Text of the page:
Subarachnoid Hemorrhage Life Expectancy
A subarachnoid hemorrhage (SAH) is a serious medical condition that can potentially contribute to permanent brain damage. This is the main reason why physicians keep such patients under constant monitoring, and they work hard to stabilize the condition and reduce the size of the bleeding.Get A 100% Free CASE Evaluation
The long-term prognosis for people that have experienced SAH is somewhat good, as long as proper hemorrhage management has occurred. A few additional conditions will have to be met, as well.
Whether it occurs in children or adults, SAH is a serious medical condition that can cause death and permanent brain damage. This type of hemorrhage is trickiest whenever its occurrence is asymptomatic. In such instances, physicians can do very little to manage the condition, and it’s often identified post-mortem.
Several studies have been carried out to assess the outcome of SAH.
One of the trials was presented in the Journal of Neurology, Neurosurgery and Psychiatry in 2011. It involved 1,154 patients with SAH. The patients came to the hospital for treatment, and a follow-up occurred nine years later.
Of all patients, four percent died within a week of the SAH diagnosis. Thirteen percent of the patients died during the follow-up period. The medics concluded that there was no delayed mortality as a consequence of the hemorrhage. All the surviving patients underwent frequent scans. No new brain hemorrhages were identified.
It’s important to point out that all of the patients who died in the week after the diagnosis had a severe subarachnoid hemorrhage. The severity of the bleeding is one of the factors most strongly associated with a negative or a fatal outcome for the patient.
Life Expectancy: Let’s Take a Look at the Numbers
While the previous study demonstrates that the SAH mortality rate isn’t that high, it fails to examine the average life expectancy for people diagnosed with such a hemorrhage.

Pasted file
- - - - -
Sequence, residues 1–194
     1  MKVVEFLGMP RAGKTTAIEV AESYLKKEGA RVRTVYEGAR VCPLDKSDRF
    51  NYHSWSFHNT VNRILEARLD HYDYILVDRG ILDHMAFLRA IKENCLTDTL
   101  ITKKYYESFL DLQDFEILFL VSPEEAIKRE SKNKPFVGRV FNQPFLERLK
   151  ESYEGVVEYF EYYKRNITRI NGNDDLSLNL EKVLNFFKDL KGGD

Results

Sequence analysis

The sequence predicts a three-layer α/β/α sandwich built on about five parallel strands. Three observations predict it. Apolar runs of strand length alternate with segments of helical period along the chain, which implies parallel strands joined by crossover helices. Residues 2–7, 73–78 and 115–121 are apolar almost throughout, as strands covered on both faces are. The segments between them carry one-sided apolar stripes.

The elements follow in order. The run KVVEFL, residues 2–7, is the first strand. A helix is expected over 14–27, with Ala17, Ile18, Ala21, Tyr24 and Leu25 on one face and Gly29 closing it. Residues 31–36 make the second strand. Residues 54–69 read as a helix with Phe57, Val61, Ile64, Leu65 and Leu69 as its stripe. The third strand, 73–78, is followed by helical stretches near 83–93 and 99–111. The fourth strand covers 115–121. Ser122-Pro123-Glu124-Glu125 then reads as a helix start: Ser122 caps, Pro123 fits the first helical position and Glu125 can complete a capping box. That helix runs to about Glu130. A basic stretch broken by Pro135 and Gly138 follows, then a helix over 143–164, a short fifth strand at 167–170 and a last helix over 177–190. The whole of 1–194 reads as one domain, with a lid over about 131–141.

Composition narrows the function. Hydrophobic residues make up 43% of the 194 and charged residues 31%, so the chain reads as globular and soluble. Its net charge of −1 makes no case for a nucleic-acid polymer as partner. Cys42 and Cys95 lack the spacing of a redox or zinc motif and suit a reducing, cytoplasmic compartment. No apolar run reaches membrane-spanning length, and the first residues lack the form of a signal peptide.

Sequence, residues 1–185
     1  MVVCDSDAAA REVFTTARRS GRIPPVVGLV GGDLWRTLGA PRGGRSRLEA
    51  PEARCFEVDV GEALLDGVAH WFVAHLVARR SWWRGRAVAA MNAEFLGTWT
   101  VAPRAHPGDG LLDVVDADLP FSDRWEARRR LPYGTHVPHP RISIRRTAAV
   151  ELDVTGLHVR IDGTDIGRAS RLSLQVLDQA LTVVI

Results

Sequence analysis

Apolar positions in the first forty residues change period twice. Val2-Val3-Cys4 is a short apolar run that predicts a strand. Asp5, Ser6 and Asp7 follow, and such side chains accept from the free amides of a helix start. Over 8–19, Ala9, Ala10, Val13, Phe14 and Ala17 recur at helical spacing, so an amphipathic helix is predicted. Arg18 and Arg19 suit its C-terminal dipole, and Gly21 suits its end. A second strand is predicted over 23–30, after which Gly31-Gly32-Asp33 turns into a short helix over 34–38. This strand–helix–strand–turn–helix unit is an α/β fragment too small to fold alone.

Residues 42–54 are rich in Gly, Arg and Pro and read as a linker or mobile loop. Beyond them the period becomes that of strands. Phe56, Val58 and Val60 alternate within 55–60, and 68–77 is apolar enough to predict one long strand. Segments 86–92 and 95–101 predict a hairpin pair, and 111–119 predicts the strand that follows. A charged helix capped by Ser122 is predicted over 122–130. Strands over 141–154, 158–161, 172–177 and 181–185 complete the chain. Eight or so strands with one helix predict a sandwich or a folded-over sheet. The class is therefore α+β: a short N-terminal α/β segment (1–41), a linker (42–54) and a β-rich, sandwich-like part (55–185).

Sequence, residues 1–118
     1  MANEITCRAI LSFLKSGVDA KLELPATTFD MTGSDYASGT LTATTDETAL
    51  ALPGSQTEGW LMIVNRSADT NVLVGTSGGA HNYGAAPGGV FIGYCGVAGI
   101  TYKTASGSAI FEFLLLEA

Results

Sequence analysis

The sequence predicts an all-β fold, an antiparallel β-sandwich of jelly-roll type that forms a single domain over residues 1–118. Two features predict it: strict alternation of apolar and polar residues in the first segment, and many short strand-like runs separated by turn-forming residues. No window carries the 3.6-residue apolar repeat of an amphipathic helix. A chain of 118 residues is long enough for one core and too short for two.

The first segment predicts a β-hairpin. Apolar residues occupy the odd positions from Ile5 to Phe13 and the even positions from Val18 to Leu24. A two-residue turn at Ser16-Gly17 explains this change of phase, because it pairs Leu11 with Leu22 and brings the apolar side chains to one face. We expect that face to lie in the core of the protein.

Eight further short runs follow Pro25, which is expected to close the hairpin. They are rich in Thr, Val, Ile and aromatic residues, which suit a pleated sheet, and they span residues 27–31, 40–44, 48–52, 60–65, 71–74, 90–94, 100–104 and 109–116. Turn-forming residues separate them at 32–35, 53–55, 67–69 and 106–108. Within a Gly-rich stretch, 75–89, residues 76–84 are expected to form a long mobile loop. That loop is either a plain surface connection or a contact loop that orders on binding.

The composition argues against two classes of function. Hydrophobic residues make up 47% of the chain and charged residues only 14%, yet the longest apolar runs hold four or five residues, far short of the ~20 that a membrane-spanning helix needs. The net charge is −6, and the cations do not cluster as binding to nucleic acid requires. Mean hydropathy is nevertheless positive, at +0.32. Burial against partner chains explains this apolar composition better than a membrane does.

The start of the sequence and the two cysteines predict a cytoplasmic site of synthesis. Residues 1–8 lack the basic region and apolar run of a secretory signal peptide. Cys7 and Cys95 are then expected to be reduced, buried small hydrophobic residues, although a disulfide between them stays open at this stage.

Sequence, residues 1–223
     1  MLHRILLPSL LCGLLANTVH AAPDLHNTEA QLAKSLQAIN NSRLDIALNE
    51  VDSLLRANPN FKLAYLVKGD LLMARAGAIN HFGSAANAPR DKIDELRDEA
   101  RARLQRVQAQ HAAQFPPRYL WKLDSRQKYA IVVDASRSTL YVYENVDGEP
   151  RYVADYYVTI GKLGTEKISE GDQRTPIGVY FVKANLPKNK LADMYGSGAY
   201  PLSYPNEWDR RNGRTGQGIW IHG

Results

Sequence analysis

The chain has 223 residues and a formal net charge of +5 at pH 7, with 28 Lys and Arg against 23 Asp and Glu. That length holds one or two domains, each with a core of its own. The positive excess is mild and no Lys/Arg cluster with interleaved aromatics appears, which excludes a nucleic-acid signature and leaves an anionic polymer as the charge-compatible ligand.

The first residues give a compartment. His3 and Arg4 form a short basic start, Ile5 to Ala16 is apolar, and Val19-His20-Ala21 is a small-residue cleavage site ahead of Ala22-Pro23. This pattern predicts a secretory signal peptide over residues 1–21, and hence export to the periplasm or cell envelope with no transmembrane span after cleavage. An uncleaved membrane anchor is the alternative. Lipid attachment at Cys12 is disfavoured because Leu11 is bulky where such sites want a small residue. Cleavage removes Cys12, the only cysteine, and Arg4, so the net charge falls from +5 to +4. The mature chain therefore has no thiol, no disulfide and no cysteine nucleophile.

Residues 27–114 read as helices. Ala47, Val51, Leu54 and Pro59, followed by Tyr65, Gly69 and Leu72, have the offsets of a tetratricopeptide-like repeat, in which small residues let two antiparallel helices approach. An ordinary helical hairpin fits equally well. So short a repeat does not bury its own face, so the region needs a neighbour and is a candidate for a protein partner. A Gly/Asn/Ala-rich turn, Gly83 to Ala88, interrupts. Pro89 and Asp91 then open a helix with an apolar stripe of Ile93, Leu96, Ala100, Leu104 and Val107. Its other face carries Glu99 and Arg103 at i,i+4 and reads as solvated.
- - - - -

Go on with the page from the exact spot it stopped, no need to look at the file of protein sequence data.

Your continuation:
Researchers presented another clinical trial in Stroke Journal in 2007. The cohort consisted of 160 patients who had been admitted for hospital treatment from 1983 to 2005. All of them suffered from SAH and medics followed up in all of the cases to establish the life expectancy. For the patients that had died, researchers requested the cause of death and the age.
During the follow-up, there were no new cases of subarachnoid hemorrhages in the patients. Of all 160, 11 died. The expected number of deaths, as based on general population mortality rates was 18.1. Thus, researchers concluded that patients with a subarachnoid hemorrhage have a normal life expectancy and the risk of re-bleeding is minimal to non-existent.
Additional Facts and Clinical Evidence
It’s relatively easy to conclude that SAH may cause death immediately after the diagnosis, especially if the hemorrhage is a massive one. If a patient is stabilized in this initial phase, the prognosis for them is a good one.
UCLA Health warns, however, that a third of the people who experience SAH will either die, or they will experience severe, permanent neurological damage. While many children will survive the hemorrhage itself, the risk of complications lasting a lifetime is high. Once again, this risk is heavily dependent on the size of the bleeding and its position.
The life expectancy is also dependent on how soon treatment was administered and whether vasospasm occurred as a consequence of SAH.
Also, there isn’t a general consensus among researchers, and clinical trials produce conflicting findings. While the study quoted above didn’t see a serious life expectancy deviation in patients with SAH, observations by the Department of Neurosurgery in Helsinki are quite different.
Medics treated SAH patients between 1980 and 2007. Follow-up started one year after the treatment, and it ended in 2008. After 20 years of observation, patients surviving SAH showed an 18 percent higher mortality rate than the general population. Some of the risk factors included multiple aneurysms, conservative treatment for SAH, age and unfavorable clinical outcome at the three-month follow-up.
Accurate diagnosis early on is critical. The initial hemorrhage itself is the one that will often be fatal or lead to neurological complications. As long as proper management occurs upon the diagnosis of SAH, the prognosis for such patients is favorable.